One student mentioned yesterday’s release of the new Soundgarden record, King Animal, and asked what Bruce thought of it. He mentioned he had only heard one track, but nonetheless liked it. Bruce talked about growing up with Soundgarden’s guitar player Kim Thayil in suburban Chicago…and about how Kim basically lived at his house, even dating two of his sisters.

Another student asked Bruce about the origin of the word “grunge.” I kind of braced myself, because in my book I mention Bruce first using the word in an ad for a Green River record, in the April 1988 issue of the Rocket. Afterward, the Seattle media picked up the term to describe everyone from Mudhoney to Swallow to Nirvana. My fear was that Bruce might provide a different version of events, and fortunately for me and my tenuous credibility, he backed my story. As far as where he came up with the word itself, Bruce couldn’t recall specifics. No one can. Regardless, he felt the term did squarely apply to bands like TAD and Mudhoney, in terms of their raw musical styles and raggety fashion sense.

A student then asked him why certain bands “make it” and others don’t. Bruce kind of put it like this…he said, when it comes to the music industry, justice does not exist. Some immensely talented bands get nowhere, while other mediocre acts become enormously famous.  In addition to the music itself, a lot of it depends on timing, luck, and the quality of the recordings.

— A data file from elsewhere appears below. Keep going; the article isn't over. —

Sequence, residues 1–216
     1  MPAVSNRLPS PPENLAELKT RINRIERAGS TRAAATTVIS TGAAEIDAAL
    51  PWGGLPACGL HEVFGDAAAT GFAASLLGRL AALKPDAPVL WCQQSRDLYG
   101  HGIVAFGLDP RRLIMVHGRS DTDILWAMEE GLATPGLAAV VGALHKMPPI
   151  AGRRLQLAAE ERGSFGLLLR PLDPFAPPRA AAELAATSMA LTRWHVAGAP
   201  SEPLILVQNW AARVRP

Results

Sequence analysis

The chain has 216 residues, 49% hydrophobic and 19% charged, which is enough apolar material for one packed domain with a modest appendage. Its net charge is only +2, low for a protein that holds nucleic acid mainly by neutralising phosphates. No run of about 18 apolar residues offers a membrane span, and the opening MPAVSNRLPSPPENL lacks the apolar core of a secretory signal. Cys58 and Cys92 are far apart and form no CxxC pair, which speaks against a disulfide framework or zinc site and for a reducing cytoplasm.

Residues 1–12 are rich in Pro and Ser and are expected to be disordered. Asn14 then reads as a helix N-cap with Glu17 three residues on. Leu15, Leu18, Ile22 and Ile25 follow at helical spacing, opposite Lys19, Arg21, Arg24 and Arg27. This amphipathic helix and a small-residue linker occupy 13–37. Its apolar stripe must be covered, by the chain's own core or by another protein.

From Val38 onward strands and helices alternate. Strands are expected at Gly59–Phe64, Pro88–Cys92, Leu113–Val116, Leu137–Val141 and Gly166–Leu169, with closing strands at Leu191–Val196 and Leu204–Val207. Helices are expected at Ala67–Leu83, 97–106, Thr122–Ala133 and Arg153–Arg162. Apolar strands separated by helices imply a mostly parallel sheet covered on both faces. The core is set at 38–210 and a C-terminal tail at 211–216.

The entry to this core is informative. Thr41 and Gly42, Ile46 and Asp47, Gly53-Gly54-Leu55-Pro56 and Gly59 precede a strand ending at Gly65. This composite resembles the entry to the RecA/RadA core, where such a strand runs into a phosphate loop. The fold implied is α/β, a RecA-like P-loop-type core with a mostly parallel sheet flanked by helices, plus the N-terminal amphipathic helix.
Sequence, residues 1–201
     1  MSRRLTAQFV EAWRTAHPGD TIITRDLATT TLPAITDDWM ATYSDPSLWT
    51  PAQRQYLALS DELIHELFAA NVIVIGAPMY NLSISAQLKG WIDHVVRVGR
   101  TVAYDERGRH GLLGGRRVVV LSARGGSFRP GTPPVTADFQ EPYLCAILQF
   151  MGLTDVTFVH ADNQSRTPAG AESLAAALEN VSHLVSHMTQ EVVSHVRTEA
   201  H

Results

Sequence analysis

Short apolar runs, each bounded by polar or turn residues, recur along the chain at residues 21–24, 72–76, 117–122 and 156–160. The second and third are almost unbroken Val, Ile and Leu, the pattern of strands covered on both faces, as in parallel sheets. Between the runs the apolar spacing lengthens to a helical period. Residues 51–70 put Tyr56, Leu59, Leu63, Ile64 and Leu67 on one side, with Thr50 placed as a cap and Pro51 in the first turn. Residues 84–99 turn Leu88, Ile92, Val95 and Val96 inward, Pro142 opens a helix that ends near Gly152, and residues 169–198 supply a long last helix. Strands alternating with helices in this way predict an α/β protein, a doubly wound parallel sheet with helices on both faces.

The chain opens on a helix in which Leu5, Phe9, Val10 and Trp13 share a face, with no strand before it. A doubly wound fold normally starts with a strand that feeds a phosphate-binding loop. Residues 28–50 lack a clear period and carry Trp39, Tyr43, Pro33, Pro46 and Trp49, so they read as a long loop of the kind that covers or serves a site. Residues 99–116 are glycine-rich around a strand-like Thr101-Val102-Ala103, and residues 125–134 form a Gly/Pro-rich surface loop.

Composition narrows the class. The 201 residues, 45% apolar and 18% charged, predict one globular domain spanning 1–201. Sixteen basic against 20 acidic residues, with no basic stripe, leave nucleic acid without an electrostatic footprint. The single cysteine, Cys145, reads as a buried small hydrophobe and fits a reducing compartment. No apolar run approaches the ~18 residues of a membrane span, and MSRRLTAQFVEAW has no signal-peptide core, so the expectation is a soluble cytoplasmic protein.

Finally, I inquired about Bruce’s new book, Experiencing Nirvana: Grunge in Europe, 1989 (like the Soundgarden record, also released the day of our chat with Bruce…weird.) Experiencing Nirvana provides a rare photographic journal of the band’s time in Rome, culminating in London with the legendary Sub Pop Lame Festival show that December. You can find Bruce’s book on iTunes and order it here:

(Sub Pop Records founder Bruce Pavitt chats with my class via Skype.)


Topic: Grunge and beyond: Seattle in the late ’80s.

Special Guest: Sub Pop Records founder Bruce Pavitt via Skype.

Text: Tow, chapters 5 and 6.

Music: Mudhoney: “Touch Me I’m Sick;” Nirvana: “Spank Thru,” “School;” TAD: “Helot;” Skin Yard: “Hallowed Ground;” the Posies: “Blind Eyes Open;” Jack Endino: “Sideways Savannah;” Gas Huffer: “Night Train to Spokane.”

Schedule (all times US EDT)

1:40 to 1:45…Intro by me

1:45 to 1:55…completion of  Emily’s presentation on the San Francisco ’60s psyche scene

1:55 to 2:05…Nicole presents on ’90s Atlanta rap scene

2:05 to 2:25…Julia and Samantha K lead the discussion on the music and reading.

2:25 to 2:30…Outro by me

2:30 to 2:55…Q&A via Skype with Bruce Pavitt, led by Morgan.

Bruce Pavitt mini bio

Bruce began his music life with a small fanzine called Sub/Pop at Evergreen State College in Olympia, Washington.  There, he pursued his passion for uncovering music scenes not named London and New York.  After putting out three cassette compilations at Evergreen, he moved to Seattle where he began to write a column for the Rocket, Seattle’s monthly music paper.  In 1984, he formed a record label called Bombshelter and put out an EP by the U-Men (the world’s greatest band.)  Later, he founded Sub Pop Records, turning it into a full-time entity in 1988 with partner Jonathan Poneman.  Up to that point, the label had put out two EPs by fledgling bands Green River and Soundgarden.  By 1989, Sub Pop had become Seattle’s premier independent label, featuring grunge acts like Mudhoney, TAD, and Nirvana.